For each communication or communication portion transmitted at a SF higher than the lowest SF, the SF for the soft symbols of these communications or portions are sequentially processed to increase one SF level until the desired SF is reached, step 62. Using the prior example, since the SF 2 code, C1, is the actual code used to transmit the symbols, this code's soft symbols are not raised in SF. However, the SF 16 communications' soft symbols are sequentially increased from one SF 2 code (C2) to two SF 4 codes (C21 and C22) to two SF 8 codes (C211 and C222) to the two SF 16 codes (C2111 and C2222).
Increasing the SF one level at a time can be used to recover data, even if the codes used to transmit the data is not known as shown in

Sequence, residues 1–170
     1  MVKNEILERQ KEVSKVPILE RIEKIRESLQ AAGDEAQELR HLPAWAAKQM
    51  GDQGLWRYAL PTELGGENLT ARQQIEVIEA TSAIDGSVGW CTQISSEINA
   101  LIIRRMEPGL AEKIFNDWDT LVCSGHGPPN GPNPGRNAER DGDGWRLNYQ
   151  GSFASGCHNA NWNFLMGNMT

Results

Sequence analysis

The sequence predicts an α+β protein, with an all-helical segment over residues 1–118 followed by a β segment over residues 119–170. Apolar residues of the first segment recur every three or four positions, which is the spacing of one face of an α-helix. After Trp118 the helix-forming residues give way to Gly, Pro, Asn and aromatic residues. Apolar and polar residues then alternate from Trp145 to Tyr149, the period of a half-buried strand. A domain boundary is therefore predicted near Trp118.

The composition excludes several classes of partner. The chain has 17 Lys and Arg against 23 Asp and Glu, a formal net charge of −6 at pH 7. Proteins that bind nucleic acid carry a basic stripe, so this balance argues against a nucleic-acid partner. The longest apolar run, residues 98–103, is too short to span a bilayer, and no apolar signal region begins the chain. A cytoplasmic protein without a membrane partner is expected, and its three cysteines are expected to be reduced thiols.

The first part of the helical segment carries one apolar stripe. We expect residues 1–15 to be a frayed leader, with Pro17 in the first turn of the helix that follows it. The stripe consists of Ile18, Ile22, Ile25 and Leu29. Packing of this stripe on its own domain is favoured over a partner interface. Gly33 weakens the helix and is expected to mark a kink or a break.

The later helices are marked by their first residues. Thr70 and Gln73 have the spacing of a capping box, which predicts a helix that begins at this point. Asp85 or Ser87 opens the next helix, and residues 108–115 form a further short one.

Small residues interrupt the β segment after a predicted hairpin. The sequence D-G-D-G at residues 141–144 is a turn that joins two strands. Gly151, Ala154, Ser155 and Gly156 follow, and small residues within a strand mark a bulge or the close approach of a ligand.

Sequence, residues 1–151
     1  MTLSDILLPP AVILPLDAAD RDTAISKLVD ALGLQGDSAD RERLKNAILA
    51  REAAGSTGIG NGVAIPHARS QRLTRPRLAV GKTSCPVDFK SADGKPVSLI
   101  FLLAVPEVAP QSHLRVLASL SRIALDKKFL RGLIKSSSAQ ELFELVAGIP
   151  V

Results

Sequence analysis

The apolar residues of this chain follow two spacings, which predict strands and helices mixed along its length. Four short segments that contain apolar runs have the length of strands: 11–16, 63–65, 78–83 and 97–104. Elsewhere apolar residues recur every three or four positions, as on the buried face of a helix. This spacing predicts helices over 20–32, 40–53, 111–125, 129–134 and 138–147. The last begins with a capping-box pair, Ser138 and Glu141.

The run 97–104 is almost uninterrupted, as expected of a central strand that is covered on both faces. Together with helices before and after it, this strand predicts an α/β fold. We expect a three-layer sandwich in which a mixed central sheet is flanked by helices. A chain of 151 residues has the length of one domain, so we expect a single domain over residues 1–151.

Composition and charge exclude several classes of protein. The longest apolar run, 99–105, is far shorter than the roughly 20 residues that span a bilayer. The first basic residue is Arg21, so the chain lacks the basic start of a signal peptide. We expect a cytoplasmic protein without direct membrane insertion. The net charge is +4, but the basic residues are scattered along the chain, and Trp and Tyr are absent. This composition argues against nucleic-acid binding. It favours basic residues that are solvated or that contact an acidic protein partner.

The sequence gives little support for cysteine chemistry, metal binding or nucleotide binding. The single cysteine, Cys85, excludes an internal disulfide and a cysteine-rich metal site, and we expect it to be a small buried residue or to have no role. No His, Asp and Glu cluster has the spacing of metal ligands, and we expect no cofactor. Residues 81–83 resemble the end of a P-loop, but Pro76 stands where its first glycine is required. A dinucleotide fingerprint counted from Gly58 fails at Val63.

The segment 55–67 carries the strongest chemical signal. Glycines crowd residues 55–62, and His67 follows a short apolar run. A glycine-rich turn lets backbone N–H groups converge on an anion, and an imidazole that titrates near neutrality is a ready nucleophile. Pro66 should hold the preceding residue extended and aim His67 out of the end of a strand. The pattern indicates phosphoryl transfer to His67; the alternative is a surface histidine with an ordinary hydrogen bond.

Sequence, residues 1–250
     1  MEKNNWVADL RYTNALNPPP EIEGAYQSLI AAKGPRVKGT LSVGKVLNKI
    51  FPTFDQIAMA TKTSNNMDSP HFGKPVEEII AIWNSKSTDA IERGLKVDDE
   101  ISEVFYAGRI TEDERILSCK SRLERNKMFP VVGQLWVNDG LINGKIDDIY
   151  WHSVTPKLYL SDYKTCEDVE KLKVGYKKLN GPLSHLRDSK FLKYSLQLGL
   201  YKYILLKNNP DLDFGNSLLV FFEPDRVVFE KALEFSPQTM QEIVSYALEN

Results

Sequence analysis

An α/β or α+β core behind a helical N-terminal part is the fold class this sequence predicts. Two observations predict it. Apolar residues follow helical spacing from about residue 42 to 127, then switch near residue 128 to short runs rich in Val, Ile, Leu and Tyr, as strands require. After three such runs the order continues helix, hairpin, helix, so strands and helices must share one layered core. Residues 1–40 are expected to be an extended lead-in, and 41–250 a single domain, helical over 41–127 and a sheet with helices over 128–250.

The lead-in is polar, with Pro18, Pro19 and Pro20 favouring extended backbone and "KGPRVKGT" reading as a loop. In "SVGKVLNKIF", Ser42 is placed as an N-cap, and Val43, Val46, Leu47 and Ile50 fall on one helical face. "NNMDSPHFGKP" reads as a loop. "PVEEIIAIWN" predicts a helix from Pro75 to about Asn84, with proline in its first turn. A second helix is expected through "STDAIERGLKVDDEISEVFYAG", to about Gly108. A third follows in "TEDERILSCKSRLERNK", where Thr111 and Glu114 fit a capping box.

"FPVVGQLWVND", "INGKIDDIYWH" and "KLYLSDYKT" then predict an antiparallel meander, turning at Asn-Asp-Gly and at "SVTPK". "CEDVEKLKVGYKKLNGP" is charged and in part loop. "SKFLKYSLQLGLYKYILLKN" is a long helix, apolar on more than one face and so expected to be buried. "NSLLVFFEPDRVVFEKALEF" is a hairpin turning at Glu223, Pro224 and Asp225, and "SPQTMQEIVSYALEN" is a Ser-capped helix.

The second approach takes the estimated soft symbols for the lowest SF and converts them directly to the desired SF codes as shown in
The second approach to increase the SF does it directly in one step. For a particular transmission code, the symbols are also estimated for all the codes of the lowest SF code of each codes branches. The estimated symbols are directly combined to produce the symbols at the desired SF.
Additionally, a hybrid approach may be used to recover data from communication(s) having non-uniform spreading factor. The communications may be processed at an intermediate spreading factor, such as 8, 4 or 2, and the detected soft symbols are processed to both increase and decrease the SF, such as to both SF 2 and 16.